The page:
Bordeaux Trading Post
Bordeaux Trading Post (1837-1876) - A Pierre Chouteau, Jr. & Company Fur Trading Post established in 1837 near Chadron, Dawes County, Nebraska. Named Bordeaux Trading Post after James Bordeaux. Abandoned in 1876.
A small trading post established in 1845-46 by James Bordeaux while in the employ of Pierre Chouteau, Jr. & Company. In the summer of 1845, Bordeaux occupied an important position at Fort Laramie. He later established headquarters on the Platte near the site of the Grattan massacre but maintained this small post in northwestern Nebraska for 26 years and carried on a successful trade with the Sioux through its use. Bordeaux was known as "the Bear" to his Sioux customers.
This post was attacked by a Crow war party under White Bear in October 1849. A pursuing Brule Sioux party friendly to Bordeaux intercepted the raiders near the later site of Crawford, Nebraska and this action gave the name "Crow Butte" to a prominent landmark there.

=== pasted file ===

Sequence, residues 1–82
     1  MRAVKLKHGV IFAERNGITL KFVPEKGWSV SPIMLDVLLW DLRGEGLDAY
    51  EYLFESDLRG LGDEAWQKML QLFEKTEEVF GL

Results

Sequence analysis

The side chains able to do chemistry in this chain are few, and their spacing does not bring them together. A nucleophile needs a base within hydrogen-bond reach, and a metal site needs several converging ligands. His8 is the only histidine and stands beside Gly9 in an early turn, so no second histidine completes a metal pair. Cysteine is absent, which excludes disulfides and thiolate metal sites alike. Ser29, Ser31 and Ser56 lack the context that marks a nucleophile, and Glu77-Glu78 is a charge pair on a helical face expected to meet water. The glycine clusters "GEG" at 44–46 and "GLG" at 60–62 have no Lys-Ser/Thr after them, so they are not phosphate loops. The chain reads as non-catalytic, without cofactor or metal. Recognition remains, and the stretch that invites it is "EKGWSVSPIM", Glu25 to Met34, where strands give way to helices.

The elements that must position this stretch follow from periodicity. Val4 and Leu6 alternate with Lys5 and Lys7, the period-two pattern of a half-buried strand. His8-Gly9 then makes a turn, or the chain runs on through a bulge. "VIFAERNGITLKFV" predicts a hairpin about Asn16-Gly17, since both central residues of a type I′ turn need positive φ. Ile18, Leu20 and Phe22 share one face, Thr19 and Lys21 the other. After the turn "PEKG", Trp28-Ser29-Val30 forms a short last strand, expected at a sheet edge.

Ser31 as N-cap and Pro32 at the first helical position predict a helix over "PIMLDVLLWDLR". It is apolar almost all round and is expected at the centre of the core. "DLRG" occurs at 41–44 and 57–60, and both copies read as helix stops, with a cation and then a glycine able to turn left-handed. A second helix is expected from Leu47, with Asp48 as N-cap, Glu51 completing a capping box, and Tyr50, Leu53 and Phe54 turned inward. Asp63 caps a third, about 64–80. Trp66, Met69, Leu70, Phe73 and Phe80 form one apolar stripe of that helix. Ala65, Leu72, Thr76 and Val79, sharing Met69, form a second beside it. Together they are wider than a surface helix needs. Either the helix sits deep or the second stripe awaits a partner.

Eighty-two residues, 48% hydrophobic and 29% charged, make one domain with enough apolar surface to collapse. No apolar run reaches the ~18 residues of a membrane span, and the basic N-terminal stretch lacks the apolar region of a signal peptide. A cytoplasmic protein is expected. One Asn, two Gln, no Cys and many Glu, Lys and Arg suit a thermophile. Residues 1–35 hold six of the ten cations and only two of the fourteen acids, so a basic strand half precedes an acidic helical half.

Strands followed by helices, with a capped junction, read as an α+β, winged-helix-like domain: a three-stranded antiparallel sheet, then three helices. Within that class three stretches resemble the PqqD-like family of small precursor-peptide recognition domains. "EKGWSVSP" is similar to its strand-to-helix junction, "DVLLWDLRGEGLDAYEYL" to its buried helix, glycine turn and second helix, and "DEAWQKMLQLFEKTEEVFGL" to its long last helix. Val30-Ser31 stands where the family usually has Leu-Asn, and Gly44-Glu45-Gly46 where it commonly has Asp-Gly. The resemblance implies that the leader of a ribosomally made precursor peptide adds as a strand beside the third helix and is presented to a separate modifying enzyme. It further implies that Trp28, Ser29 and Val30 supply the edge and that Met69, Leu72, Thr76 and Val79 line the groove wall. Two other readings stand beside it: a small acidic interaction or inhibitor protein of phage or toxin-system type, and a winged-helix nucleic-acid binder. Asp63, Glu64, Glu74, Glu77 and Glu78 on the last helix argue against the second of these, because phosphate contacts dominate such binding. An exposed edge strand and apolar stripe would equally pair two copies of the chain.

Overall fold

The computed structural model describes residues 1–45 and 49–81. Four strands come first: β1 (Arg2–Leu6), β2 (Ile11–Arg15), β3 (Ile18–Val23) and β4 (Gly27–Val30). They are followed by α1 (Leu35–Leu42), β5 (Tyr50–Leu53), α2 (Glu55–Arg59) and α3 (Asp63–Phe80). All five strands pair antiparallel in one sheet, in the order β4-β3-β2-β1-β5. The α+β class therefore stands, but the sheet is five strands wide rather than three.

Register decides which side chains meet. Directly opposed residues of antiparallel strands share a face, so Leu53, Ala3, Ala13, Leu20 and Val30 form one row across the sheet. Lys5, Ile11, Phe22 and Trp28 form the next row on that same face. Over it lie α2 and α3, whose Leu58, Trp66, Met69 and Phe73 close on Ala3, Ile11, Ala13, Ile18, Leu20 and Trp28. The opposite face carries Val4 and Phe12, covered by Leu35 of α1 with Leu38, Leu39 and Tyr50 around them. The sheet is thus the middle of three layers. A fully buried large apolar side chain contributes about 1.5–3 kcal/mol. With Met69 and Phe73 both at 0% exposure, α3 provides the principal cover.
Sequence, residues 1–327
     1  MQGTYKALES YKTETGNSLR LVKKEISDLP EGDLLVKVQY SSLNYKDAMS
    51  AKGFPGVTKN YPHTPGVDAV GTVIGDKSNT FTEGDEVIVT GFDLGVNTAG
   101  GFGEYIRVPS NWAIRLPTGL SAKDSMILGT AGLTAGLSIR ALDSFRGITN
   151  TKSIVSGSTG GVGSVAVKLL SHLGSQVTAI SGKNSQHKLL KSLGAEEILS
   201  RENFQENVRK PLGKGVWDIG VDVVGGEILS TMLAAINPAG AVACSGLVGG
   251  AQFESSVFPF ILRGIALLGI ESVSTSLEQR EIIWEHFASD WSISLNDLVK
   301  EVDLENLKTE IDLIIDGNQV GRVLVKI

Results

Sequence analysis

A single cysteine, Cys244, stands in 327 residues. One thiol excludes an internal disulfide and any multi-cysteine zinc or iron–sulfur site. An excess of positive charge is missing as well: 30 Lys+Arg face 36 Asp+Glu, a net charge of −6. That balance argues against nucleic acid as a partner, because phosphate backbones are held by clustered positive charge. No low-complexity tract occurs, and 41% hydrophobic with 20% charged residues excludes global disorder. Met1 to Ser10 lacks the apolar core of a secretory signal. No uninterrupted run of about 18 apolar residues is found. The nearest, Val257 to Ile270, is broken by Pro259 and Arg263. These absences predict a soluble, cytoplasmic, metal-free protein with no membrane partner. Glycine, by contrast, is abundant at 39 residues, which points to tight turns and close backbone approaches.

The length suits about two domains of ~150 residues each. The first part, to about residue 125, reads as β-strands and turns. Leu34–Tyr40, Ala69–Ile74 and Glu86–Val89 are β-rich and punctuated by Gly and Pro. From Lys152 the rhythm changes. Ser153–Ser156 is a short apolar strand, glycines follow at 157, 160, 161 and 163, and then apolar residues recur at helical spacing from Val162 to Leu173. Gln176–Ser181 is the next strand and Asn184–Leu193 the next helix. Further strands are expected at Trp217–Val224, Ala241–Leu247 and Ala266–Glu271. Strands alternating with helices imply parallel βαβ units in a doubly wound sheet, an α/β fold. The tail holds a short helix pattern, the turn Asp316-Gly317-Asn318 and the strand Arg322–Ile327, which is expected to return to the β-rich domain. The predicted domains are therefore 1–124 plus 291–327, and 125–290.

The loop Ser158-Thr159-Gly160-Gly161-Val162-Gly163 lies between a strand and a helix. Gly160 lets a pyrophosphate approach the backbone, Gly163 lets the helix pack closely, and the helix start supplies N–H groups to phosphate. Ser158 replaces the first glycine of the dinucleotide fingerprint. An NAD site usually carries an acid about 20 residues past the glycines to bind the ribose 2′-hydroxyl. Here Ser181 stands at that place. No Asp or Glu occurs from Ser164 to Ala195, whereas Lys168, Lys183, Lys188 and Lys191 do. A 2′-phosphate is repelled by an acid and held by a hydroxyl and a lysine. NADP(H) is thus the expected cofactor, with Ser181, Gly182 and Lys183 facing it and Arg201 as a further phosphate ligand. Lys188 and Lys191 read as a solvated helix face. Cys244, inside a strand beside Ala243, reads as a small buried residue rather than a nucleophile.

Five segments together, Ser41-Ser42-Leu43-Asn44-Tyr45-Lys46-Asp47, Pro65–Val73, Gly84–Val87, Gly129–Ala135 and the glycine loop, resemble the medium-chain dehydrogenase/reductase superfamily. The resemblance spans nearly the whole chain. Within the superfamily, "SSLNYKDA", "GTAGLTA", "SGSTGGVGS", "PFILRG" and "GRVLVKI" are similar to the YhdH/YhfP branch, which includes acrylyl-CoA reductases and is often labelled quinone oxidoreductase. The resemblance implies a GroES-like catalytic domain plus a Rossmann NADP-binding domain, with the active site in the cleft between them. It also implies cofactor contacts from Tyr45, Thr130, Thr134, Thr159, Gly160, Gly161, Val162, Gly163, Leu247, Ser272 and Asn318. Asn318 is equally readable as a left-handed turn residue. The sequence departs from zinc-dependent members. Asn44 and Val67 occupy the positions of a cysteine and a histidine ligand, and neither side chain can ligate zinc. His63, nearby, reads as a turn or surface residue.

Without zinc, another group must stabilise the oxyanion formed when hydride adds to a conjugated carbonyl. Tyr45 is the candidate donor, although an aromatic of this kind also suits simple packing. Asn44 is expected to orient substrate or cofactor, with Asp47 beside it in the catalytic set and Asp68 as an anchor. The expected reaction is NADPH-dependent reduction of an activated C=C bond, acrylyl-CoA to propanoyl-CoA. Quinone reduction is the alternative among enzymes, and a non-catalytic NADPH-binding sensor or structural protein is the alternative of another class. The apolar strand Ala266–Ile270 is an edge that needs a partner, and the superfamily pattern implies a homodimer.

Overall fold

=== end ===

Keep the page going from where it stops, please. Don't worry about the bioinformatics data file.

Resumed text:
Bordeaux abandoned the trading post in 1872 and removed to Fort Randall on the Missouri River where he died in 1878. In 1872 the post was sold to Francis Boucher, a son-in-law of Spotted Tail, who occupied the post until about 1876. In the summer of 1876, 40,000 rounds of Winchester ammunition were confiscated at the post by military authorities to prevent their sale to hostile Sioux.
Part of the Museum of the Fur Trade. The trading post site includes two buildings: a combined trading house and living quarters and a small warehouse. Both buildings have been completely reconstructed to original lines and grades, using the original post holes and aged wood from nearby ranches.
The reconstructed Bordeaux Trading Post has been placed on the National Register of Historic Places. NRHP ID: 72000746
Visited: 11 Jun 2020